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Engineering and materials

Engineering and materialsWhat kinds of metals and plastics do engineers use? And what is the difference between them?

One of the most important parts of product design is choosing the right material for the job. You wouldn’t build a bridge out of plastic, after all! Below are the most common materials engineers use along with an explanation of the properties of each one.

Ferrous metals

These are metals which contain iron, usually as a major part. Iron is hardly ever used pure because it is very soft. This means that machines made of iron tend to tear and break easily. By adding small amounts of substances such as graphite, iron becomes much stronger and easier to work with. Stainless steel and cast iron are examples of ferrous metals.

Non-ferrous metals

These are metals which contain no iron, or only a tiny amount of iron. Many of these metals, such as copper and lead, are used in their pure forms by engineers because they have very useful properties.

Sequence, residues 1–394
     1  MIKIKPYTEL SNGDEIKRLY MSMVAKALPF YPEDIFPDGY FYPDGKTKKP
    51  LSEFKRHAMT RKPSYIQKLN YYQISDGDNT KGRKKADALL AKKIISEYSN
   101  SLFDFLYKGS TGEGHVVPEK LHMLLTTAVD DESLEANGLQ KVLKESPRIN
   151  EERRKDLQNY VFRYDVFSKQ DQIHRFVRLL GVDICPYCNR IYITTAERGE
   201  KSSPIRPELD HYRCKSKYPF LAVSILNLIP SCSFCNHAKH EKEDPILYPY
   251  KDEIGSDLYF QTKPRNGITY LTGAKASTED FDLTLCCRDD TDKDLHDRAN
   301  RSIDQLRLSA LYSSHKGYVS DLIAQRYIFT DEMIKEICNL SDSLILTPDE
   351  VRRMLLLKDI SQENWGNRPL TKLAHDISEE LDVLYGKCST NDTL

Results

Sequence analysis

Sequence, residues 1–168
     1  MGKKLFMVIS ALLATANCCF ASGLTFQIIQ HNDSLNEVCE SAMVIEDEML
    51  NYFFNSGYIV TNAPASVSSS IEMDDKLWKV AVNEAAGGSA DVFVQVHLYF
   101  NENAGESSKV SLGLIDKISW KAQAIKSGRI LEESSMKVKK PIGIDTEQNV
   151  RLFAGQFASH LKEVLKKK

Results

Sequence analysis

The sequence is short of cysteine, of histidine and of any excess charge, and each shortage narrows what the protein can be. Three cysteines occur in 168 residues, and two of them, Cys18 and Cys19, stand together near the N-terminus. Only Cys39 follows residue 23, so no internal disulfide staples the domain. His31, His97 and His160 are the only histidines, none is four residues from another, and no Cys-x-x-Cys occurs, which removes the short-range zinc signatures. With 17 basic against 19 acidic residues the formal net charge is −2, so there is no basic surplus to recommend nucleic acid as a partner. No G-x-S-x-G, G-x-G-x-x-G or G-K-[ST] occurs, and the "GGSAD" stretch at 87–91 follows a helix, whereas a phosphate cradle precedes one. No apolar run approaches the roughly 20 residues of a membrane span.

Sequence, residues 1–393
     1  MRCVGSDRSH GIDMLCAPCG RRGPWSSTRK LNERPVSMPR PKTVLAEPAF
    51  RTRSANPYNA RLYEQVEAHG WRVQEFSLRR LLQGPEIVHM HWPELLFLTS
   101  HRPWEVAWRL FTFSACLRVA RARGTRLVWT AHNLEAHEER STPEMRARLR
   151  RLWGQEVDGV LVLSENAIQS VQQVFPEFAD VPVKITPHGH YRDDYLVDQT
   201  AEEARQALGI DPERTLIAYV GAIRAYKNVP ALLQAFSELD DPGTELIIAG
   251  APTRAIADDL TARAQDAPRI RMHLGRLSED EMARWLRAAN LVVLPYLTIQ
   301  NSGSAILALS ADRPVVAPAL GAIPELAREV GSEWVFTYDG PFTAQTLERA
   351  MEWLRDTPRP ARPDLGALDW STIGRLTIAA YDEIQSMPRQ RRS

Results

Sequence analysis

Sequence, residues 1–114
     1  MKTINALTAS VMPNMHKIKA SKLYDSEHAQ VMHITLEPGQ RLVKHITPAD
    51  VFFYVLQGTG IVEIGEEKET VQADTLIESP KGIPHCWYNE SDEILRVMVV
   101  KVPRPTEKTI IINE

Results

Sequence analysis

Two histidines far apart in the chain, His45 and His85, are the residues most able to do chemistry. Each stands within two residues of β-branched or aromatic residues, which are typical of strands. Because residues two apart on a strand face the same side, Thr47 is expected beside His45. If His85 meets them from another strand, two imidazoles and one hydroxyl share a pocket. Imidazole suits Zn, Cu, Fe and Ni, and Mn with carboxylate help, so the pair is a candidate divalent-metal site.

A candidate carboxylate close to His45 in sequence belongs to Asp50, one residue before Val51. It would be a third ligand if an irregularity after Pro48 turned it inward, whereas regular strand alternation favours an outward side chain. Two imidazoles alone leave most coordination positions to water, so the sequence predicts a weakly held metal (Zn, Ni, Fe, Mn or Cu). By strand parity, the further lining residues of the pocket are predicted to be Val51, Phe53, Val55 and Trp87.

Copper, for instance, is good at conducting heat, and so is very useful in pipes. Tin does not corrode very easily, so it is useful as a covering for other metals such as steel.


All plastic materials are made up of polymer chains. These are chains of atoms joined up together. Thermoplastics are ones which, when heated, allow more movement in the polymer chains. With thermoplastics you can do this again and again to mould and remould the product.

Thermoplastics are used to make things such as plastic bottles, tarpaulins and sometimes even clothes.

Thermosetting plastics

These are composed in a similar way to thermoplastics– with polymer chains made up predominantly of hydrogen and carbon atoms. However, the difference is that thermosetting plastics ‘set’ once they have been melted and moulded, meaning that the process can only happen once.

Formica is an example of a thermosetting plastic. It is used to make kitchen work surfaces, electrical fittings and even toilet seats.

Natural materials

This is a broad category, and it includes any other material that comes from natural sources. Things such as wood, rubber, glass, oil, textiles and ceramics all fall into this category.

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